Weeks ago when the days were shorter it was dusk around the time I made dinner. One evening there was a sunset of such arresting beauty that it took my eyes and wouldn’t let go. Against a fiery orange sky sweeps of contrasting lavender clouds slid behind silhouettes of bare trees. Instead of reaching for my phone to document or share the moment, I just stood there. I noticed everything I could about that particular horizon including the way the shaggy underbelly of clouds faded to a delicate pink, like short fuzzy tentacles of a jelly fish.
I’m committing to this new sans-social intentionality because I need the reprieve. After three years of managing five online platforms (Facebook, Instagram, Twitter, YouTube & TikTok) for my parish, I needed to step out of that role and clear my head. Overall the job was an honor, a joy and a unique way to serve. But the goal of social media is to keep a user engaged—again and again forever—and as a professional user you’re always fighting the endless alerts, the red dots to tap (It’s an emergency: a new puppy sweater!), and the constant need to get and please followers. It was becoming unsustainably exhausting particularly now during the pandemic.
There are other factors, too. I have some soreness in my left wrist which I can really only attribute to holding my phone at an awkward angle so often. I also need to do this right now for my kids. Even if it’s for church, when you’re paid to be on your phone it’s difficult to effectively convince your tween and teen that there’s so much more to life than tiny screens.
Also, aren’t most of us increasingly wary of social media since the insurrection at the capitol on January 6? Our disinformation problem clashed with reality at a cost of injury and death. Social media publishes instantly without edit. As someone with a journalism degree who’s spent time in newsrooms, I assure you that the reporter/editor structure is essential for truth-telling. Reporters never directly publish a story right away. Every story is reviewed and fact-checked. No mortal is above needing an editor. A huge part of journalism education is journalism ethics. That speaks for itself.
My personal accounts have been deleted* for three weeks and so far I miss almost nothing. This is not to say it’s been effortless. It’s still an impulse to reach for my phone when I sit down (if I sit down) to eat lunch alone. Instead sometimes I glance up at the featured scripture scrawled on the dry erase board by the refrigerator or find prayers for noontime in The Book of Common Prayer. But mostly I’m just chewing. I’m tasting bites and practicing some gratitude for flavor. It shouldn’t feel like a revolution to be present with your meal but it absolutely does.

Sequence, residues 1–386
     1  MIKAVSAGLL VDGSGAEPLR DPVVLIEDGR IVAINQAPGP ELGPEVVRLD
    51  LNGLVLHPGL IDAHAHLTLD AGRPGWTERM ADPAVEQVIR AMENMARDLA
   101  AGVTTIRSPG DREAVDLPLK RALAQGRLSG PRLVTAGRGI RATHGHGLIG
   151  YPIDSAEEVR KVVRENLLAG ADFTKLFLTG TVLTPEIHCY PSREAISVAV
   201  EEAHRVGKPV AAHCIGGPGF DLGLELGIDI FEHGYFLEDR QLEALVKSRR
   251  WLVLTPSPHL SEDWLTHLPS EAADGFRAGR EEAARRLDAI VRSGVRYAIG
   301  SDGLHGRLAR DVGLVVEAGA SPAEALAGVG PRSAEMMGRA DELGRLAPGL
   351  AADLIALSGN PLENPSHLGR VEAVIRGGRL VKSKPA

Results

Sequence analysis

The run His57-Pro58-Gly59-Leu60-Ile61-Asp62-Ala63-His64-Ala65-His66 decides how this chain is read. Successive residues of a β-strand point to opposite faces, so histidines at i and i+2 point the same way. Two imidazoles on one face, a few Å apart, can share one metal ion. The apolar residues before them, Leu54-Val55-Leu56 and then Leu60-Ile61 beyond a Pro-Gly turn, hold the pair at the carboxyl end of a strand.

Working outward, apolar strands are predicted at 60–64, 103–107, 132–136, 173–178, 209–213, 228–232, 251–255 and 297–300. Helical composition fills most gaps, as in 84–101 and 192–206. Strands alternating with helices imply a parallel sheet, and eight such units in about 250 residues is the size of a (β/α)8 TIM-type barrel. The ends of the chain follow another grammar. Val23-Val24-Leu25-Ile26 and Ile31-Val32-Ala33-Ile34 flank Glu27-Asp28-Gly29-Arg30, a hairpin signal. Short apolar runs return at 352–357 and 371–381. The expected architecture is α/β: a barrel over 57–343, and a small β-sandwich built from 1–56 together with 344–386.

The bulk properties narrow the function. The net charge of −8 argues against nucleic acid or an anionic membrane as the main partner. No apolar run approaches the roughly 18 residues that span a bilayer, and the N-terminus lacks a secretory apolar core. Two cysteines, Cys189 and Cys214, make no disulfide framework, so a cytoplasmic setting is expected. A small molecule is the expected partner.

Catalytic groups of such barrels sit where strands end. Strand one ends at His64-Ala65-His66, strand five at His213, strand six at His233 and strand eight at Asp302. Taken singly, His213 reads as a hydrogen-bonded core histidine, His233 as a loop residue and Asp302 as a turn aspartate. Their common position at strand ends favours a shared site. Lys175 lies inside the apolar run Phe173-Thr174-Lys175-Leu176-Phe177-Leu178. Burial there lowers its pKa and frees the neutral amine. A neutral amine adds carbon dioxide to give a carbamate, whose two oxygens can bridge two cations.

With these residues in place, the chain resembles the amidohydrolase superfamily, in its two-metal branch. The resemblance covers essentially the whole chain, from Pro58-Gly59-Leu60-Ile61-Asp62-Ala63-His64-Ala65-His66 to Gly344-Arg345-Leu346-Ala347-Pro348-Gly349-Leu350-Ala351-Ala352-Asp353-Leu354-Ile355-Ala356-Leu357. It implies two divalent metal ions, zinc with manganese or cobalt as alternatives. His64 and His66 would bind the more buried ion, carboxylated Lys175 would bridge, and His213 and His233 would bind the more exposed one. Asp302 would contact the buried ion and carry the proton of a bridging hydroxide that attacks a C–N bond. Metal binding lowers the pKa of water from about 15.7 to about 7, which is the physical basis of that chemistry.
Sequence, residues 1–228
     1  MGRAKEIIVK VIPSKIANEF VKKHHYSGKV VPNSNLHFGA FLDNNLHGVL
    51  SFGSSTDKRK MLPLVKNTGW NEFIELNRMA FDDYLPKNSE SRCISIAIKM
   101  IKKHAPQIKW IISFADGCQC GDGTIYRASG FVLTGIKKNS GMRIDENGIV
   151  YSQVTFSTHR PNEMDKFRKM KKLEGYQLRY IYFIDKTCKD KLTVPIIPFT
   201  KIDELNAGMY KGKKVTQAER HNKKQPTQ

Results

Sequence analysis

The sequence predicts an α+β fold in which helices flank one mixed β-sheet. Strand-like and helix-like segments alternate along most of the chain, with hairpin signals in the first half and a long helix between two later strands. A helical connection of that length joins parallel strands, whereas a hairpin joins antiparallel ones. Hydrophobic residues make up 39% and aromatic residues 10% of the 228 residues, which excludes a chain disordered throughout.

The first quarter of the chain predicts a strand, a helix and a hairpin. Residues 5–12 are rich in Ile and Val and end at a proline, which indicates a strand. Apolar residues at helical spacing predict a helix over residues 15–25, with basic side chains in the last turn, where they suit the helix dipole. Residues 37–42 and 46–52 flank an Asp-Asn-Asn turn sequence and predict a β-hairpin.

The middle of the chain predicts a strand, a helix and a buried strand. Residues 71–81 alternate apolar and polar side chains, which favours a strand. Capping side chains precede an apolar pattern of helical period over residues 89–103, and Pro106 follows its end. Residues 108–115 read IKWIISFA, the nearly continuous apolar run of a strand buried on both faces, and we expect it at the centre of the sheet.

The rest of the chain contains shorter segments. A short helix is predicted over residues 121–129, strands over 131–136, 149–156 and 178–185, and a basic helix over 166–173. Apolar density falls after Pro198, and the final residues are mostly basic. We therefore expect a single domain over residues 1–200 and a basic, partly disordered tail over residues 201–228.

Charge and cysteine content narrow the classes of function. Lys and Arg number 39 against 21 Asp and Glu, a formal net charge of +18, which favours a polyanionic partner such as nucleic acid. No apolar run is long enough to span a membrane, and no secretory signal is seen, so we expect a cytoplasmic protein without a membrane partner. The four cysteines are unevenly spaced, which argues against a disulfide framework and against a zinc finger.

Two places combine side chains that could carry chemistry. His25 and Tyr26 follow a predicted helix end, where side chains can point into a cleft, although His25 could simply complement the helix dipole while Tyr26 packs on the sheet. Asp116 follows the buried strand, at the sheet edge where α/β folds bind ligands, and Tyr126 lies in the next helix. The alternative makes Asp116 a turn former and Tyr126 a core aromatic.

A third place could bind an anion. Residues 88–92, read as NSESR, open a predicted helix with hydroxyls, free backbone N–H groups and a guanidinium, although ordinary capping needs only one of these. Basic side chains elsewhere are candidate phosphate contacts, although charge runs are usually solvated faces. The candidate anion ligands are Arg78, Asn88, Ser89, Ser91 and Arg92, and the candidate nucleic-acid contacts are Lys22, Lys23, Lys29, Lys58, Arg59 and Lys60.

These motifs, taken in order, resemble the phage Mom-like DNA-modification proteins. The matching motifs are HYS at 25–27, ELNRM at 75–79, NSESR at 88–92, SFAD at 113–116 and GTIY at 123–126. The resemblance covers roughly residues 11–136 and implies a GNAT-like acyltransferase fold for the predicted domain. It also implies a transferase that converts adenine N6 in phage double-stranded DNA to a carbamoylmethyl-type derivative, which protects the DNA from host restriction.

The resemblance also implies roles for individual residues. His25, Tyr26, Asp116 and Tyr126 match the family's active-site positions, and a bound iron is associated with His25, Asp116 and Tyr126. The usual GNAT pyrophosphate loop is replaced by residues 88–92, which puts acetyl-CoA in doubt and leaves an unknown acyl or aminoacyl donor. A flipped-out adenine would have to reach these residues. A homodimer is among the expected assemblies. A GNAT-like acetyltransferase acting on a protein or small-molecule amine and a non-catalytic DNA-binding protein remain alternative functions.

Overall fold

The thinking I do while driving, cleaning or cooking has gradually slowed down (in a good way not in a maybe-Prevagen kind of way) to something more wordless and pleasant. Thoughts are now more like migrating manatees in freshwater streams and less like September hornets swarming a dropped popsicle.
A few weeks ago I renewed our Sunday newspaper subscription to support accountability of local government, businesses, and organizations. It’s a news-gatherer’s job to find what’s happening, get the facts right, and inform the community. But they can’t do this work without a strong subscription base. If truth matters and facts matter then journalism does, too.
There’s danger in being too nostalgic about the pre-digital paper days. But it would be a shame to not use the rest of this pandemic time to push back and set boundaries on the ways that we’ve allowed the internet to dominate our humanity. I don’t know how long I’ll stay deleted but hopefully long enough to learn how to live well again.
Here’s the edit: if I’m physically present in a room with another person, particularly a stranger, I will notice and honor it. We don’t need to talk but I won’t hunch over my phone to pretend I don’t notice I’m not alone, scrolling to see what I might be missing somewhere else. Because we are all image-bearers of God, the physical space between us is sacred. Our time with one another holds a certain spiritual weight. I commit to paying attention, to being fully present (awkward as it may be) with every physical person as best as I can. Checked out on a phone for basically a decade now, nothing short of pandemic isolation could bring me here. Lord, may enough of it stick to keep the intentionality going in the decades to come.
*okay, fine. I admit I’m still on TikTok.
I loved “Thoughts are now more like migrating manatees in freshwater streams and less like September hornets swarming a dropped popsicle”. Today I decided to form a book club with my 8 year old as a way to deal with my sense of dismay at the huge amounts of time she is spending on zoom calls with classmates outside of (online) school hours. I hope I can keep up my end of the deal, committing to at least half an hour three times a week away from all screens, reading a book of our choice. Thank you for the post.
Anne Marie W says
Even if we don’t meet goals, quality time with a child is a win, right? A book club with your child, I love that idea. Eight years old is a great time to embrace that. Thanks for this idea. I think I might try a book club with my daughters this summer. Thanks for reading the post and for your thoughtful response.
Jan Burke says
Thank you for this. It’s reassuring and encouraging, I can imagine it would be pleasant and comfortable to quietly share space with you. Your fuller presence is surely a fine benefit for your family. May your moments be blessed and alive with awareness.
Anne Marie Warner says
Thank you, Jan, for these kind words and for reading the post. 🙂